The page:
In everything we do, the ultimate goal is for our horse to value being with us more than another horse because they truly trust and respect us as the leader.  They know they will be safe in our presence.  Of course this is a process and some people will get there sooner than others, say comparing how quickly Pat can get that to happen vs you or me.  So it is a matter of savvy and something you are never not working on.

The situation you describe is a difficult moment because when faced with that, you can only do your best under the circumstances.  What you really need to do is more preparation beforehand.  That in itself is an article, but for now think of it this way – “What are ALL the things that could go wrong, and what do I need to do to prepare myself and my horse so they don’t happen?”  This may be things like extreme Friendly Games, ‘weaning’ games with your horse and another horse, being around cattle or simulators, etc.  But as your horse gets more confidence in you, he will trust your judgement and look to you for guidance and reassurance.  That of course is what the Parelli Program teaches you to achieve, step by step and level by level.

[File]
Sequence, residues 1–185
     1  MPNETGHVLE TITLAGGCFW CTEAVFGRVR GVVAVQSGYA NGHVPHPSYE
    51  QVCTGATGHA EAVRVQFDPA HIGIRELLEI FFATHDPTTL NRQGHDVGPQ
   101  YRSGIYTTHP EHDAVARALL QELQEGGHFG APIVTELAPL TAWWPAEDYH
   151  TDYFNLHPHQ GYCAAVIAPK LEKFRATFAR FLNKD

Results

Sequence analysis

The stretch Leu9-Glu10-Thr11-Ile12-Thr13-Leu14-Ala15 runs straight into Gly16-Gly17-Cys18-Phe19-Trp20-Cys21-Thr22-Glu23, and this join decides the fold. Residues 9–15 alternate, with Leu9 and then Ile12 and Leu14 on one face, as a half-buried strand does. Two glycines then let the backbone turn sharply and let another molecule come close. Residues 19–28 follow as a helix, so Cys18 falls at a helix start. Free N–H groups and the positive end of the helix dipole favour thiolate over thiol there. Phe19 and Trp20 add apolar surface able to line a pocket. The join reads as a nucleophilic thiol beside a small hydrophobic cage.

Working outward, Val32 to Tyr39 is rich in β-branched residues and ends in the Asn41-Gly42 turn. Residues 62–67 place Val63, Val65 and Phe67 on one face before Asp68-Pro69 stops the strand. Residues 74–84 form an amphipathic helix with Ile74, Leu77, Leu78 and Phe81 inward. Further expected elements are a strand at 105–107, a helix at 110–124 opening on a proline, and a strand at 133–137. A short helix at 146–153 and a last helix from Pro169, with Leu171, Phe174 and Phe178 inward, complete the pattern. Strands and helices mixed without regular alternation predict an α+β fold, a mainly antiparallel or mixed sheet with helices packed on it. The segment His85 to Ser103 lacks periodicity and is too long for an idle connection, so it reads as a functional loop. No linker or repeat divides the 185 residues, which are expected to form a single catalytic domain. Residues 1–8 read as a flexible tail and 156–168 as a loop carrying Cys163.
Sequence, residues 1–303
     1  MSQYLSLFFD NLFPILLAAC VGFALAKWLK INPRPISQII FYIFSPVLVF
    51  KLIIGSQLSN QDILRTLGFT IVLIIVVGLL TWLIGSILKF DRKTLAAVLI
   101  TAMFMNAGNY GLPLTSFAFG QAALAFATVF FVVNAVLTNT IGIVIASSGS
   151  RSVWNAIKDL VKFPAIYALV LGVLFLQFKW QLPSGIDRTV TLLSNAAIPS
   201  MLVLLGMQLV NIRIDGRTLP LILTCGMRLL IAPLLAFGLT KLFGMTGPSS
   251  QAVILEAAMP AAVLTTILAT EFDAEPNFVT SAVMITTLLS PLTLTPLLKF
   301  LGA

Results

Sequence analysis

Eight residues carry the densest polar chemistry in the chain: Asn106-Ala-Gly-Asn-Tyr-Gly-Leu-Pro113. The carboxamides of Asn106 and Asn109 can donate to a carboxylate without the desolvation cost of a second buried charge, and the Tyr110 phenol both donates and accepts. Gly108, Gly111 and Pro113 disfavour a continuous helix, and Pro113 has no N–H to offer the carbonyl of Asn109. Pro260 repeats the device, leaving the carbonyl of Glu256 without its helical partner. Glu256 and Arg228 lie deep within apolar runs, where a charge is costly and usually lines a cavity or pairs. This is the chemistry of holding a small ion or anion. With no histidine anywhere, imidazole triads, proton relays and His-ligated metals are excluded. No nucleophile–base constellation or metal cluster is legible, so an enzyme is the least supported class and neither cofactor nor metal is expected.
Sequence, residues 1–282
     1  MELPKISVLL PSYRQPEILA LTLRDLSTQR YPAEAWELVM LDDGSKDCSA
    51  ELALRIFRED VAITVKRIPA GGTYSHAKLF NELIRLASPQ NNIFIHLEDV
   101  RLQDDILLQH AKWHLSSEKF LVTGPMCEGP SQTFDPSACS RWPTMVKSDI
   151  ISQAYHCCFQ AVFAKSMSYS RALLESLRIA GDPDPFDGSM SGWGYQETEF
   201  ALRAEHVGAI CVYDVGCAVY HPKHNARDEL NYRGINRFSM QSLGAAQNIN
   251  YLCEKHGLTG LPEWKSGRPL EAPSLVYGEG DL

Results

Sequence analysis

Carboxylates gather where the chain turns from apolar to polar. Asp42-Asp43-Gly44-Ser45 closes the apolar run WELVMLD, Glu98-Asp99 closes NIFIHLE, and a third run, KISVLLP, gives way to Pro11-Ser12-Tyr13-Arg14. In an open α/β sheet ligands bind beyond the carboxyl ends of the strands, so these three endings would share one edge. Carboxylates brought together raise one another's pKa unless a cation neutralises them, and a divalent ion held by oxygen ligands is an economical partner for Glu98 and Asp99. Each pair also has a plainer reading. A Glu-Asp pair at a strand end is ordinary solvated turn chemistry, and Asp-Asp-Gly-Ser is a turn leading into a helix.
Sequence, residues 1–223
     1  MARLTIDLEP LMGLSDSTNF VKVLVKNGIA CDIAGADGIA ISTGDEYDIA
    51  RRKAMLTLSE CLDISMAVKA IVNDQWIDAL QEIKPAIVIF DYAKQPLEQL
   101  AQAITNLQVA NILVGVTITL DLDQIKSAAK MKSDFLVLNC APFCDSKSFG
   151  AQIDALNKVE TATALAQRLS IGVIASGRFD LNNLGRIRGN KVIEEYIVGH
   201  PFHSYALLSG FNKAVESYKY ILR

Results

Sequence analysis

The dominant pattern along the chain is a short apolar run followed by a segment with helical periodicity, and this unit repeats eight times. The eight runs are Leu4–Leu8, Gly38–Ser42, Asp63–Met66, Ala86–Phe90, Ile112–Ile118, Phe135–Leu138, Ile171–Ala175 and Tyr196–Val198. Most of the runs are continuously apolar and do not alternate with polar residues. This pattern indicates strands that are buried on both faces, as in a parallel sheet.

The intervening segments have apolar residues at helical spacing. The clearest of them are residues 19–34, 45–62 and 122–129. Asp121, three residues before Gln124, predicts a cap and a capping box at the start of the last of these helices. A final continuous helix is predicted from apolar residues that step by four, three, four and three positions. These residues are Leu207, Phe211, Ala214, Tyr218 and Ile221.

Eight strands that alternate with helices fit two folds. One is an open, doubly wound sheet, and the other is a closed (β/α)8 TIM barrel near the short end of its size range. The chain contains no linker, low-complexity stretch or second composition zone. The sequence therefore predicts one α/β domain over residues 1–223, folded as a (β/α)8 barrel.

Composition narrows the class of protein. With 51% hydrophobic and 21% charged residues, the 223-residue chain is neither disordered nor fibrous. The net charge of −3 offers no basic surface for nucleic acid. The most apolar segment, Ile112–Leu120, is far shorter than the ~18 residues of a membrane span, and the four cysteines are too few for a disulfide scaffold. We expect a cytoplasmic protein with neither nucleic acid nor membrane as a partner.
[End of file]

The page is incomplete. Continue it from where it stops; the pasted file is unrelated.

Now, when it comes to dealing with the situation you describe…. you would be playing with thresholds but in “reverse” because your horse’s thresholds are about moving away from the other horse rather than moving towards something.  So when you feel your horse’s threshold, turn away and return to his buddy, then come back again.  Keep doing this until that threshold disappears and then work on the next one, and so on.  The fact that you keep returning to your buddy will finally cause him to stop panicking and then he won’t worry about it anymore – but you have to take the time it takes.  And know this: the more you keep him away, the more his fear will escalate.  That’s exactly what happens when mares and foals are weaned abruptly.  The emotional panic is quite severe and often the cause of sickness and colics associated with weaning.  The grown horse has the same instincts because, being herd animals, bonding is a very important part.

I hope that helps, and it seems that you realized it afterwards!

Linda

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Respecting Thresholds

Dear Friends,

I had an interesting chat with a friend the other day who was expressing a little frustration about her horse getting spooky again.